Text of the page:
For a basic 2.0 speaker set, buy the $15 Creative Labs SBS250 (http://www.creative.com) or the Logitech X-120 (http://www.logitech.com). They have only 2.5W per channel, but that is sufficient for listening to music and casual gaming. The sound quality is surprisingly good for the price, much better than no-name 2.0 sets that typically sell for $8 or $10. If you need a bit more power, go with the Creative SBS270 set, which sells for a few dollars more and provides 5W per channel, but is otherwise similar to the SBS250 set.

    For a basic 2.1 speaker set, buy the $35 Logitech X-220, which provides 5.8W to each of the two satellites and a 20.4W subwoofer. For a step up in power and sound quality, go with the $70 Logitech Z-3 set, which is what Robert uses on his desk. For a premium 2.1 set, buy the $115 Logitech Z-2200, which boasts THX certification and 200W RMS total power, or the Klipsch Promedia GMX A-2.1, which has only 78W RMS total power, but provides stunningly good sound quality for the price (http://www.klipsch.com).

    For a basic 4.1 speaker set, buy the $45 Creative SBS450, which provides 6W to each of the four satellites and 17W to the subwoofer. For more power and better sound quality, go with the $130 Logitech Z-560 set, which provides 53W to each of the four satellites and 188W to the subwoofer.

    For a basic 5.1 speaker set, buy the $60 Logitech Z-640, which provides 7.3W to each of the four satellites, 16.3W to the center-channel speaker, and 25.7W to the subwoofer. For more power and better sound, go with the $150 THX-certified Logitech Z-5300 set, which provides 35.25W to each of the four satellites, 39W to the center-channel speaker, and 100W to the subwoofer. For a premium 5.1 set, choose the $275 Logitech Z-680, which is THX-certified and provides Dolby Digital & DTS hardware decoding, along with 62W to each of the four satellites, 69W to the centerchannel speaker, and 188W to the subwoofer. We use a Logitech Z-680 set for our Home Theater PC. Also consider the $325 Klipsch Promedia Ultra 5.1 set, which provides five 60W satellites (any of which can be used as the center-channel speaker) and a 170W subwoofer.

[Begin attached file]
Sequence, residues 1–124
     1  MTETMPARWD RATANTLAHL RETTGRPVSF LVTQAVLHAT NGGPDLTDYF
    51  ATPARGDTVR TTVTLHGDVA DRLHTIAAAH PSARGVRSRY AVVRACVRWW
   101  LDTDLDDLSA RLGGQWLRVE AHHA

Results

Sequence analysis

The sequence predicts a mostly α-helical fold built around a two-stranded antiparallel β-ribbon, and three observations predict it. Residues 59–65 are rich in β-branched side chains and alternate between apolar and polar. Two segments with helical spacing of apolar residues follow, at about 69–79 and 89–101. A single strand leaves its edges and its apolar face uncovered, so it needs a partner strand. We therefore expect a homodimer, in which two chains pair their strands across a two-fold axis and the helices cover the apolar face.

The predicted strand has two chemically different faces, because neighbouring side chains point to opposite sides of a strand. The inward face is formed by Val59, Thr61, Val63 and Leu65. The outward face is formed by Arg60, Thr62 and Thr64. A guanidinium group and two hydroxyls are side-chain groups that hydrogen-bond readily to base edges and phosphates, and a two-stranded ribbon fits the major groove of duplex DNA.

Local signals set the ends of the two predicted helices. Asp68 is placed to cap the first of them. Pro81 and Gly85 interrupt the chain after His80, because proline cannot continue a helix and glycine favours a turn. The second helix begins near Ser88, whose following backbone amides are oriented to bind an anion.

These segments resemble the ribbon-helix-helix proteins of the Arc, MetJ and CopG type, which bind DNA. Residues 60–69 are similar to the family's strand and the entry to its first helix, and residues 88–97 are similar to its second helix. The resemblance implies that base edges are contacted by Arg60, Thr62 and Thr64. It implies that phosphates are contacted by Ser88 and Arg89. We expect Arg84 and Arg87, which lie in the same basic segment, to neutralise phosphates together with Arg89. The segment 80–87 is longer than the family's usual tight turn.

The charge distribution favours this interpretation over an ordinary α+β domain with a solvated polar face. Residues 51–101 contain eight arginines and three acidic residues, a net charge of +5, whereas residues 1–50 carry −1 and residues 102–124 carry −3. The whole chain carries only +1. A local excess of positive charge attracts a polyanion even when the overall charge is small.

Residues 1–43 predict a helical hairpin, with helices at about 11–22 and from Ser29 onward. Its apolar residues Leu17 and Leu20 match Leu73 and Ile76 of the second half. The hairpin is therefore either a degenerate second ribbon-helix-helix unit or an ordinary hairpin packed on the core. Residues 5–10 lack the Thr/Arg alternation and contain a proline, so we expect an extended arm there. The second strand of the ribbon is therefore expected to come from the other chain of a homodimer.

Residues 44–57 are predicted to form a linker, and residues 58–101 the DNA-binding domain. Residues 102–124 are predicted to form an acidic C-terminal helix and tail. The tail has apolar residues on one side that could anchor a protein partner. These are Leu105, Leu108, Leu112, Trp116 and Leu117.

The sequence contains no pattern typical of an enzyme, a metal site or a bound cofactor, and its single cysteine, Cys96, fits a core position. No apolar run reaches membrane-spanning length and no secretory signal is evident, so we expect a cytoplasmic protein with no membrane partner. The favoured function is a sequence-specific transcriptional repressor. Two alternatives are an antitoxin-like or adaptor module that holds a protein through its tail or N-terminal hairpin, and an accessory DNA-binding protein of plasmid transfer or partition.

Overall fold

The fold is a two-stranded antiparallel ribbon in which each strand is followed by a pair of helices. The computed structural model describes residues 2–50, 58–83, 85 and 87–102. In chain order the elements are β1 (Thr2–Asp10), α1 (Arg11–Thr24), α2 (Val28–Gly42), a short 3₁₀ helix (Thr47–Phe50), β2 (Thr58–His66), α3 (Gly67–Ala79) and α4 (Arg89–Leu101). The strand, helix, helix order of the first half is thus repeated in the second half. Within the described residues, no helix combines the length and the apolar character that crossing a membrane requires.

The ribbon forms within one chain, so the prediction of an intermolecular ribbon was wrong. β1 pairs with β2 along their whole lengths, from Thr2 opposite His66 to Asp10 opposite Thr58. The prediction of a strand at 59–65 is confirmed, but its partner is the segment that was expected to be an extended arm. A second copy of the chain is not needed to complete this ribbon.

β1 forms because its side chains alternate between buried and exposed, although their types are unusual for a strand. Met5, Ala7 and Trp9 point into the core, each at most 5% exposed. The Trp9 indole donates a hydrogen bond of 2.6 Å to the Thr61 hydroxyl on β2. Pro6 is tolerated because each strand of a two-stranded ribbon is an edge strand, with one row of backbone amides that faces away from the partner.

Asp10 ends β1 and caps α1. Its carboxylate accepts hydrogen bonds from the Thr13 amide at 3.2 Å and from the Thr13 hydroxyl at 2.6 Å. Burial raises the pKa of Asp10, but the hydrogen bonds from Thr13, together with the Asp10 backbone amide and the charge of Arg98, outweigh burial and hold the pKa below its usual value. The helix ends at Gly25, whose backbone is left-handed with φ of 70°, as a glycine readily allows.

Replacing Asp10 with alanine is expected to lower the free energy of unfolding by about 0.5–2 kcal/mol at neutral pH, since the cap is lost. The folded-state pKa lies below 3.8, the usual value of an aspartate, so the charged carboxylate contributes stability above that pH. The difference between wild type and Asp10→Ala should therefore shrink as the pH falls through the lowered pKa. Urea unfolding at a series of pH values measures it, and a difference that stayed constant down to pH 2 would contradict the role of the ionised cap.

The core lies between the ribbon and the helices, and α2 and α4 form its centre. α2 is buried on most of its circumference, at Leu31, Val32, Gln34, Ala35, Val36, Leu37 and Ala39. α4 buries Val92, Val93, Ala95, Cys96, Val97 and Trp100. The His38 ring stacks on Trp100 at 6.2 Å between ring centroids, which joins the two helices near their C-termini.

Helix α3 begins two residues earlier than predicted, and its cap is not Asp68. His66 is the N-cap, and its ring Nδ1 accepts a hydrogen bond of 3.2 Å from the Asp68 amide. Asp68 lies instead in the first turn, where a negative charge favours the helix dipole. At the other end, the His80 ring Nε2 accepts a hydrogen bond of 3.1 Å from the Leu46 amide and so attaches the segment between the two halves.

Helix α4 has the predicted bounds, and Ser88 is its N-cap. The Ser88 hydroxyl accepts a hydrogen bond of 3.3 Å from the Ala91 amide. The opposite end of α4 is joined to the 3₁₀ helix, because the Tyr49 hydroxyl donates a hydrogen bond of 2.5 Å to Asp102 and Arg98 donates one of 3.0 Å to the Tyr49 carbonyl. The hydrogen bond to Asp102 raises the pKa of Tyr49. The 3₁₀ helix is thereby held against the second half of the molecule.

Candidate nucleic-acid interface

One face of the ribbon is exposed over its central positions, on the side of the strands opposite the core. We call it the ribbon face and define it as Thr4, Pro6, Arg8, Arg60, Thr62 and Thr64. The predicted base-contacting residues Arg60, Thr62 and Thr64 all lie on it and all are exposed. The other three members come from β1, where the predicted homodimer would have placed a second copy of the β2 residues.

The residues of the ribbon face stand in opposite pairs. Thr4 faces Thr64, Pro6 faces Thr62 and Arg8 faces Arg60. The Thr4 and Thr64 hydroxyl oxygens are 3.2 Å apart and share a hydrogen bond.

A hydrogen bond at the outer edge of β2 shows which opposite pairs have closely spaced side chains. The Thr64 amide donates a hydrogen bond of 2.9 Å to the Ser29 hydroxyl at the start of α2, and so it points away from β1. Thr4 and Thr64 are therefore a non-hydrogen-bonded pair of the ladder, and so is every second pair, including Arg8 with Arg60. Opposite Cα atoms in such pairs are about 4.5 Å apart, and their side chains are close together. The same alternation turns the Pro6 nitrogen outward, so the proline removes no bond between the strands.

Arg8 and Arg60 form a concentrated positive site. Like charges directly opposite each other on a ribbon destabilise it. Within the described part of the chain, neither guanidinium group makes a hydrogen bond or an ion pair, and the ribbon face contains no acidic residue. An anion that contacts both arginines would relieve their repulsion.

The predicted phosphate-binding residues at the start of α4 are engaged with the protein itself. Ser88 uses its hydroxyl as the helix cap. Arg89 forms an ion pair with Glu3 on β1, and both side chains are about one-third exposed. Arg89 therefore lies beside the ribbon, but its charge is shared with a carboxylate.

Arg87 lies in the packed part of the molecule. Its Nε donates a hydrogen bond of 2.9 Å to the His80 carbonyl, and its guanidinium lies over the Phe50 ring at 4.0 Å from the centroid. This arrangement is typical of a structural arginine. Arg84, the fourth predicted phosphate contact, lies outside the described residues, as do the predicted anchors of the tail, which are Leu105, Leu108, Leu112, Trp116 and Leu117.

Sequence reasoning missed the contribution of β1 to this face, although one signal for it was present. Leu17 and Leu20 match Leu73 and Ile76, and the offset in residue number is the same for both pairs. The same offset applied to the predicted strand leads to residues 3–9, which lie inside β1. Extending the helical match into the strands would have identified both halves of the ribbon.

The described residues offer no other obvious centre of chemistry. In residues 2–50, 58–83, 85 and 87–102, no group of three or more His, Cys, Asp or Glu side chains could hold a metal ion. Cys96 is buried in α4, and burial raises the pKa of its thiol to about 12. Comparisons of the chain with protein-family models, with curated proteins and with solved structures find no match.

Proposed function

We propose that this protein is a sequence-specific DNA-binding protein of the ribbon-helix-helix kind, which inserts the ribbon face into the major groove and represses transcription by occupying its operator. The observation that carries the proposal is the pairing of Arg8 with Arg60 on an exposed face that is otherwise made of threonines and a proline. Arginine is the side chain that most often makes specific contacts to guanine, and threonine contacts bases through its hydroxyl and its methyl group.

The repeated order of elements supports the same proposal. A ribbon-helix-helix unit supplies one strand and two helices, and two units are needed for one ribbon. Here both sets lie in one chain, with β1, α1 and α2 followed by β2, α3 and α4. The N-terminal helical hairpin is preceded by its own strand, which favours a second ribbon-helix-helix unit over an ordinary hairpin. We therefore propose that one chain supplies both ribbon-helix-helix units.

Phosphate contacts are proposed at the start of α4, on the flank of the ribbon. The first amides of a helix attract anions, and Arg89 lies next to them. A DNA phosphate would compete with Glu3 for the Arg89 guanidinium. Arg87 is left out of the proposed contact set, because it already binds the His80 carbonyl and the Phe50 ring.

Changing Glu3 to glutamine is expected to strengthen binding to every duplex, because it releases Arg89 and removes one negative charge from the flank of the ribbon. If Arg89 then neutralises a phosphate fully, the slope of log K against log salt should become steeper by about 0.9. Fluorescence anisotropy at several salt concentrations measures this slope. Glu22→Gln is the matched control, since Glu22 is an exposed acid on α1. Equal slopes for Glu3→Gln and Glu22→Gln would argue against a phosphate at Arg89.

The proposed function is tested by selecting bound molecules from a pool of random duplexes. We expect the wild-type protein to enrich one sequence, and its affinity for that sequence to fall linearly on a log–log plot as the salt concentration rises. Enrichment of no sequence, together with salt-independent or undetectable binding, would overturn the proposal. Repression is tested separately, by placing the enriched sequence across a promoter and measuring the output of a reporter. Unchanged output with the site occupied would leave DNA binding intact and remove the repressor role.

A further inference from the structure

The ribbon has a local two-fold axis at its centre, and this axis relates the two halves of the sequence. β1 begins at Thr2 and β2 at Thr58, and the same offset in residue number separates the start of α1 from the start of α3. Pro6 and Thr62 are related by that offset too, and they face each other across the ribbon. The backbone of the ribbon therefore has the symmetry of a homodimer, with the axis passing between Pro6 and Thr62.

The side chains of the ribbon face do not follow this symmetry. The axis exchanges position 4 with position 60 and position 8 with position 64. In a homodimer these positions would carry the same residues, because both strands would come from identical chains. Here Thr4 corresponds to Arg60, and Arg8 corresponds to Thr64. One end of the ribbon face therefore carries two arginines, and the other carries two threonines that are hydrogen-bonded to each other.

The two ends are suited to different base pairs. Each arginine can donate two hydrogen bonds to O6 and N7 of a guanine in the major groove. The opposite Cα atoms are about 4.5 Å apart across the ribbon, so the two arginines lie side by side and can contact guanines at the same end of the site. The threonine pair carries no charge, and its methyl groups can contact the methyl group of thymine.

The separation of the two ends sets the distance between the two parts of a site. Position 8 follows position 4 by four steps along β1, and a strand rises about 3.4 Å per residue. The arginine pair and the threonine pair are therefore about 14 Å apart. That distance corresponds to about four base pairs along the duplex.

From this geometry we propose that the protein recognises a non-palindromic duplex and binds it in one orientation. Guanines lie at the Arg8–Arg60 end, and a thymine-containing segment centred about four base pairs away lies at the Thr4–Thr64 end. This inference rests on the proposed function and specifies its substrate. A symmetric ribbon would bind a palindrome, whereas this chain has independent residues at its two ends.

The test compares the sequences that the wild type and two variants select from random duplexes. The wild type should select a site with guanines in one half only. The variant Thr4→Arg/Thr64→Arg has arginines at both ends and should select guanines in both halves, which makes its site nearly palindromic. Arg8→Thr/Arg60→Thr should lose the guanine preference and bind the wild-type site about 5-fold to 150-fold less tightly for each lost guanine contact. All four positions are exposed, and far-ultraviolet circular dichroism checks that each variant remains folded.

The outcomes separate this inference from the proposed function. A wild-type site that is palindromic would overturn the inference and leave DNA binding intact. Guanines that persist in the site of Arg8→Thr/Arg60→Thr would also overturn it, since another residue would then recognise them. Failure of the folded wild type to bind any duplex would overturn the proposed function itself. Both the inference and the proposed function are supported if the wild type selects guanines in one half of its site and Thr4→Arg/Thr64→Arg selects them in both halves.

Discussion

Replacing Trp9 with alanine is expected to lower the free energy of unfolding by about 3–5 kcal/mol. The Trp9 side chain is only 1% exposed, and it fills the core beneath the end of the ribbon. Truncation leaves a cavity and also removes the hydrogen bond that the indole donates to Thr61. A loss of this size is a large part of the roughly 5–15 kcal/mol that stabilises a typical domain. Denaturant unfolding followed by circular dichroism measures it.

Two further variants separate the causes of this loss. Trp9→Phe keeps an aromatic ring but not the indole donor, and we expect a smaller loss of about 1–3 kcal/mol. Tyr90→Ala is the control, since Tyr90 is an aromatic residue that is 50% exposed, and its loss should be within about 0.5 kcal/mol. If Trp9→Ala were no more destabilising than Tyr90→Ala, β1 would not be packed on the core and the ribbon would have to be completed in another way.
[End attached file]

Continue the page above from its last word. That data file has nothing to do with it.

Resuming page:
The Logitech Z-680 and Promedia Ultra 5.1 are both top-notch speaker systems. Both have superb sound quality and as much power as anyone could need. We slightly prefer the Klipsch Promedia Ultra 5.1 speakers for listening to classical music, and we slightly prefer the Logitech Z-680 speakers for gaming.

    For a basic 6.1 speaker set, buy the $70 Logitech X-620, which provides 7.4W to each of the two front satellites, 7.5W to each of the two rear satellites, 8W to each of the two center-channel speakers, and 24.3W to the subwoofer. For more power and better sound quality, go with the $250 THX-certified Creative Megaworks THX 6.1 set, which provides 70W to each of the five satellites (any of which can be used as the rear center-channel speaker), 75W to the front center channel speaker, and 150W to the subwoofer.